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Banking on Shoreline Restoration

Ohio group seeks green solutions to Great Lakes erosion

January 3, 2007 | By Andy Guy
Great Lakes Bulletin News Service

  Concrete slabs protect this stretch of the Detroit River, but such techniques often harm a shoreline’s ecology and economic attractiveness.

CLEVELAND—Jim White has a billion-dollar idea to help transform the outdated economies of Cleveland, the state of Ohio, and perhaps the entire greater Great Lakes region.

Mr. White’s idea has nothing to do with ethanol, the next generation of renewable energy, major breakthroughs in biotech or homeland security, or any of the trendy new growth sectors outlined in most of the economic rescue plans being discussed in Ohio, Michigan, or Wisconsin.

Instead, Mr. White is thinking about building and installing new, environmentally smart, anti-erosion bulkheads along many miles of Great Lakes waterways and shoreline—an activity that could play a major role in the $20 billion Great Lakes restoration project that leaders from across the Upper Midwest proposed to the federal government 13 months ago.

"It's easily a billion dollar marketplace just in the Great Lakes," Mr. White said of the bulkhead proposal in a recent interview with the Great Lakes Bulletin News Service. "If you add the numbers of miles of failing steel shoreline that have to be replaced in the region's ship channels—the Milwaukee River, the Detroit River, the Maumee—river after river has a hardened edge shoreline and all of them suffer from the same related problems."

The concrete and steel barriers that have stabilized waterfronts in harbors and along rivers throughout the Great Lakes over the past two centuries gave rise to a multi-billion shipping industry, established employment opportunities for tens of thousands of workers, and transformed cities like Cleveland into global transportation hubs. But the structures also degraded water quality and fish habitat. Today, they line waterfronts that are so unsightly that they diminish, rather than boost, the region's ability to attract top, new, knowledge-economy companies and workers to the region.

Now, as the old, gray, steel walls crumble and local leaders assess their sizeable replacement costs, Mr. White and a team of fellow, entrepreneurial Clevelanders are using a modest federal grant to conceptualize and design what they call “green bulkheads”: a new kind of high-performance retaining wall that would simultaneously maintain river commerce, protect and improve those working waterways’ ecosystems, and boost the region’s competitiveness in the emerging 21st-century economy.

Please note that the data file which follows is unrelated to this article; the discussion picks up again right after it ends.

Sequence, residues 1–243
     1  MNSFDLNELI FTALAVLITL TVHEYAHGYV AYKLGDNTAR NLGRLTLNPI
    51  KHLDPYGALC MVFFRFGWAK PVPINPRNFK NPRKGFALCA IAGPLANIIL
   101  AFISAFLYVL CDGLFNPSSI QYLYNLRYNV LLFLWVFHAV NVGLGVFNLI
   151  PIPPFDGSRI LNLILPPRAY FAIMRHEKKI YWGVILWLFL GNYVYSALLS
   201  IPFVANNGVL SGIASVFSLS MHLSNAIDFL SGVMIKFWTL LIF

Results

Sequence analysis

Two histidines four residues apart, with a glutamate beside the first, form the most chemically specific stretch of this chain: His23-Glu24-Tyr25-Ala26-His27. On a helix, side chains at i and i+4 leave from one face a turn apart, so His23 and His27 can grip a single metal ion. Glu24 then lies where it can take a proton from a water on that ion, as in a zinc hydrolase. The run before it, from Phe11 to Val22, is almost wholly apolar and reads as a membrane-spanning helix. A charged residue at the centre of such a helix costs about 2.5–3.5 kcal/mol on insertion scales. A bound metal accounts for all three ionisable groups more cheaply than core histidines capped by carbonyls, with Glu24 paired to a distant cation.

"There currently are no products that do that," said Mr. White, who is executive director of the Cuyahoga River Remedial Action Plan, and a member of the Cuyahoga Lake Erie Environmental Restoration Technology Enterprise Center, or CLEERTEC, the civic and business group that is pushing the idea, and others like it. "So inventing a new product that can be built, sold, and installed to replace the aging and failing old sheet steel system creates businesses and jobs."

A Smart Investment
Proponents of restoring the Great Lakes say that Mr. White's original idea, its impressive fiscal implications, and other inventions his group is working on further strengthen the case for federal sponsorship of the $20 billion Strategy to Restore and Protect the Great Lakes. Officials from across the Great Lakes Basin formally proposed the program to Congress in December 2005. The idea has attracted strong bipartisan consensus from within the region, but is struggling to gain a critical mass of political support in Washington because it is viewed there almost solely as a costly environmental cleanup effort.

Most agree the effort would spur dramatic and far-reaching environmental benefits. But evidence abounds that the very large public works project could also help jumpstart a Midwestern mega-economy that is essential to the overall strength and performance of the United States. Indeed, a growing number of economists, legislators, mayors, and other civic leaders now contend that the multi-billion dollar restoration strategy is a critical regional investment that will reap huge national returns.